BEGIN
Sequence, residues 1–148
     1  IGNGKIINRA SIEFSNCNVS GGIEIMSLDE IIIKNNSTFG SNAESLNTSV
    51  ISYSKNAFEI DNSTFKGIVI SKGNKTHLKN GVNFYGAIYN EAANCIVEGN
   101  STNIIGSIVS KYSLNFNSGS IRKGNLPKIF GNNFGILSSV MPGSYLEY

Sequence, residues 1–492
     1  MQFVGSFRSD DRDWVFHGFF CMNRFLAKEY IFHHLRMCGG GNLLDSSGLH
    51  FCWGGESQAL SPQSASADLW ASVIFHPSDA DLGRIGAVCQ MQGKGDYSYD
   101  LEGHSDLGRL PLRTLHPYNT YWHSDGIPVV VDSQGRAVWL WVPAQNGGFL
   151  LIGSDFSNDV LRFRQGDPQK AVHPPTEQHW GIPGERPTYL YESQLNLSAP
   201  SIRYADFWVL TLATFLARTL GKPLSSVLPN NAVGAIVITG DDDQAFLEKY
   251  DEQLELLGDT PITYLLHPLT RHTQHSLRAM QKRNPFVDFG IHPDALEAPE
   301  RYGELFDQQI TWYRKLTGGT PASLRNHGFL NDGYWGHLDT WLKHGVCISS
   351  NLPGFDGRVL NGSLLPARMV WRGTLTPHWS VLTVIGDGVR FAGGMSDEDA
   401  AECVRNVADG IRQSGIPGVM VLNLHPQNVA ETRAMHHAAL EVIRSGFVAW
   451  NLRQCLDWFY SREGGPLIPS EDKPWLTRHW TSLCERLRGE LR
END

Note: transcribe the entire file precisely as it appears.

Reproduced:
Sequence, residues 1–148
     1  IGNGKIINRA SIEFSNCNVS GGIEIMSLDE IIIKNNSTFG SNAESLNTSV
    51  ISYSKNAFEI DNSTFKGIVI SKGNKTHLKN GVNFYGAIYN EAANCIVEGN
   101  STNIIGSIVS KYSLNFNSGS IRKGNLPKIF GNNFGILSSV MPGSYLEY

Sequence, residues 1–492
     1  MQFVGSFRSD DRDWVFHGFF CMNRFLAKEY IFHHLRMCGG GNLLDSSGLH
    51  FCWGGESQAL SPQSASADLW ASVIFHPSDA DLGRIGAVCQ MQGKGDYSYD
   101  LEGHSDLGRL PLRTLHPYNT YWHSDGIPVV VDSQGRAVWL WVPAQNGGFL
   151  LIGSDFSNDV LRFRQGDPQK AVHPPTEQHW GIPGERPTYL YESQLNLSAP
   201  SIRYADFWVL TLATFLARTL GKPLSSVLPN NAVGAIVITG DDDQAFLEKY
   251  DEQLELLGDT PITYLLHPLT RHTQHSLRAM QKRNPFVDFG IHPDALEAPE
   301  RYGELFDQQI TWYRKLTGGT PASLRNHGFL NDGYWGHLDT WLKHGVCISS
   351  NLPGFDGRVL NGSLLPARMV WRGTLTPHWS VLTVIGDGVR FAGGMSDEDA
   401  AECVRNVADG IRQSGIPGVM VLNLHPQNVA ETRAMHHAAL EVIRSGFVAW
   451  NLRQCLDWFY SREGGPLIPS EDKPWLTRHW TSLCERLRGE LR